As Russ discusses, negative real interest rates help explain why gold is moving more in tandem with stocks these days.
In a year characterized by unprecedented market moves, it’s understandable that subtler developments have gone mostly unnoticed. One such development, key for building portfolios, is how asset classes are moving relative to each other. In that vein, a shift worth noting: Gold is now increasingly trading with, rather than against stocks. This suggests that in the current environment gold is less of a hedge and more a play on real-interest rates remaining negative.
I last wrote about gold three months ago. At the time, I suggested that a combination of a weak dollar and negative real (or inflation-adjusted) rates would support prices. While the metal is off significantly from its summer high, gold has almost kept pace with stocks, gaining 5.9% during the past three months (see Chart 1). This performance has been far better than other hedges, notably U.S. Treasuries.
Q3 Asset Performance
In short, gold has generally been higher but it is no longer hedging stock risk. Coming into 2020 gold had a mildly negative correlation with stocks, i.e. it tended to rise when stocks were falling. Since the start of the year gold has not only demonstrated a tendency to rise with stocks, but that tendency has become more pronounced in recent months. Using weekly returns, year-to-date gold has displayed a beta of roughly 0.3 to U.S. equities, meaning that for every percentage point gain in stocks gold tends to rise roughly 0.3%.
This shift in correlations is not unusual for gold. In different economic environments, gold can behave very differently. One explanation for the recent change is that both gold and equities are increasingly reacting to a common factor: Federal Reserve policy. To the extent investors expect the Fed’s new policy framework to favor easy money and negative real rates, both gold and stocks are responding to the same underlying dynamic. Given the Fed’s newfound commitment to a symmetrical inflation goal, i.e. one that will allow the economy to temporarily “run hot” to compensate for years when inflation was below target, this dynamic is likely to continue.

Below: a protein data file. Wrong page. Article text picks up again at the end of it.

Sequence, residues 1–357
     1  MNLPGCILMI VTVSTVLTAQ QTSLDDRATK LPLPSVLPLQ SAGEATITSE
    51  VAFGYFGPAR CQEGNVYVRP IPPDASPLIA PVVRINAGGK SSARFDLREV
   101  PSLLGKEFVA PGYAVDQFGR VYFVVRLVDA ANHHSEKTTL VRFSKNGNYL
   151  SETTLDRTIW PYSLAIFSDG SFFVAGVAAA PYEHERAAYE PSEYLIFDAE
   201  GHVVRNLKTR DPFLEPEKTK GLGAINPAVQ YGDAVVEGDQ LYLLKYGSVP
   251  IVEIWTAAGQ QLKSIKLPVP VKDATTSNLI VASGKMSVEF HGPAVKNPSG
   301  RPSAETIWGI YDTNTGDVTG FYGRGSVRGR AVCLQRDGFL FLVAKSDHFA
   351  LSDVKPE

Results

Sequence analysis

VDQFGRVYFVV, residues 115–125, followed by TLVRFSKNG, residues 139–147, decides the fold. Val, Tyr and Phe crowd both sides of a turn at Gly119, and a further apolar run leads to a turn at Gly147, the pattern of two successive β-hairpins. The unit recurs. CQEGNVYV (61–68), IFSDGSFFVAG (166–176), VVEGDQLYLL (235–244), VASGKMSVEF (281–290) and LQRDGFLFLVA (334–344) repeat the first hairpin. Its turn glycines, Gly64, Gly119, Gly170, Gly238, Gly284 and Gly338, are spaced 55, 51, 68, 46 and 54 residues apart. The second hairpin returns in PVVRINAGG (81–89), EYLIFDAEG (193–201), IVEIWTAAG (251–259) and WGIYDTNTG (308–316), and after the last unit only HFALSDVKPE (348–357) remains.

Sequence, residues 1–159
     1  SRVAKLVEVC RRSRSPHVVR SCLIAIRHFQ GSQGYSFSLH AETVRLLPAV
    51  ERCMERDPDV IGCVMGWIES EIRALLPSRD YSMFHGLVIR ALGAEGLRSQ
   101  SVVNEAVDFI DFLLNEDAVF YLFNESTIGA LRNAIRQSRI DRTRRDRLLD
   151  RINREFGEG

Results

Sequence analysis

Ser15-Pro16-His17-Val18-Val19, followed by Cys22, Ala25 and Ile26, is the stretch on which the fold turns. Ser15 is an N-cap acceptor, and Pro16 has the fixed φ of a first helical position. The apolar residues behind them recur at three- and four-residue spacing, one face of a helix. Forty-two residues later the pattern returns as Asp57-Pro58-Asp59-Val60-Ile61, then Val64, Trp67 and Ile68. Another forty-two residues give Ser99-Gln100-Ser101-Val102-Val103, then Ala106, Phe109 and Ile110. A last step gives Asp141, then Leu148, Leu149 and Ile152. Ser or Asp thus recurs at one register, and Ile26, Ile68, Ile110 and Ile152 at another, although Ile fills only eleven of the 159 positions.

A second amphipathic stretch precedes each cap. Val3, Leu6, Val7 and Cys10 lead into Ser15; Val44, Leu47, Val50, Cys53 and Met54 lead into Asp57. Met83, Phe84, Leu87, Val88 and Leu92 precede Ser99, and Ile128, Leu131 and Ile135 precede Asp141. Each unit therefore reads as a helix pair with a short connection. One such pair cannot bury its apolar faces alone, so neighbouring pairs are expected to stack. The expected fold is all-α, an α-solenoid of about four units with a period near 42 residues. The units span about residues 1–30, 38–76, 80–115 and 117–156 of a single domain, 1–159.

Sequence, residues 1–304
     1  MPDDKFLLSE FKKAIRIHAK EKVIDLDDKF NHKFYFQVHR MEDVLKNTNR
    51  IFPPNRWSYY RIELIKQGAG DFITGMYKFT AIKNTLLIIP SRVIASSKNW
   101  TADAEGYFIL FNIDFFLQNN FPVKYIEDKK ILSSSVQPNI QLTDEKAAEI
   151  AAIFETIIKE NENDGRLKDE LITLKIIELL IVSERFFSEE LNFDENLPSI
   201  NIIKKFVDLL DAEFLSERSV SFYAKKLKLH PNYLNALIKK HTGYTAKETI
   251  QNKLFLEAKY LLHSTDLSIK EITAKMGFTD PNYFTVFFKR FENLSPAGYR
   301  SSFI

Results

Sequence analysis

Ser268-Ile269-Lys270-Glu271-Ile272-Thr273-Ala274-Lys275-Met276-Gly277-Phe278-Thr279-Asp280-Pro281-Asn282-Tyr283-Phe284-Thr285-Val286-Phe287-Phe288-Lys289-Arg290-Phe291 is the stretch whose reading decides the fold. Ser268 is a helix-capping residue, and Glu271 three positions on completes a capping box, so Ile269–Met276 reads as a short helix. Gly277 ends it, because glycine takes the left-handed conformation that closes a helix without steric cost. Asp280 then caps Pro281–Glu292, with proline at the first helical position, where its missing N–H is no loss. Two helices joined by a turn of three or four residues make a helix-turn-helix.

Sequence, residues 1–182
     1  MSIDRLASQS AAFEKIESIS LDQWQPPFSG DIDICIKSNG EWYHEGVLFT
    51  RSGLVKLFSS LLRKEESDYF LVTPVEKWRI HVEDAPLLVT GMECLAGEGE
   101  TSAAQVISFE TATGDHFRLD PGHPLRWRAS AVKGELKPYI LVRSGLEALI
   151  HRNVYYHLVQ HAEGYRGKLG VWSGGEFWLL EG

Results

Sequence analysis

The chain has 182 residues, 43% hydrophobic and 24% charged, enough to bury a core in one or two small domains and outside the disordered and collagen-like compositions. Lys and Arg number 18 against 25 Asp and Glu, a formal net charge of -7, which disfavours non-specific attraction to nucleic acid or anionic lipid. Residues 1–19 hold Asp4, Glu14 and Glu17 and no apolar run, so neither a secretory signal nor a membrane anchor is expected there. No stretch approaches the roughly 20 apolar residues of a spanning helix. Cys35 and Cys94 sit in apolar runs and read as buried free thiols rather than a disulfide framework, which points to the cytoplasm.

Further weakness could present an opportunity
The fact that gold may be a less reliable hedge argues against adding to a position. That said the likelihood of a prolonged period of negative real rates supports holding some gold in your portfolio and adding should prices fall significantly from here. As I’ve highlighted previously, gold performs best when real rates are negative and the opportunity cost in lost income is low. And as the Fed has repeatedly emphasized, this is likely to be exactly the environment we’re in for some time to come.
All of which suggests that investors should hold for now, add on weakness and, most importantly, look for other hedges to help mitigate equity risk.
Russ Koesterich, CFA, is a Portfolio Manager for BlackRock's Global Allocation Fund and is a regular contributor to Market Insights.
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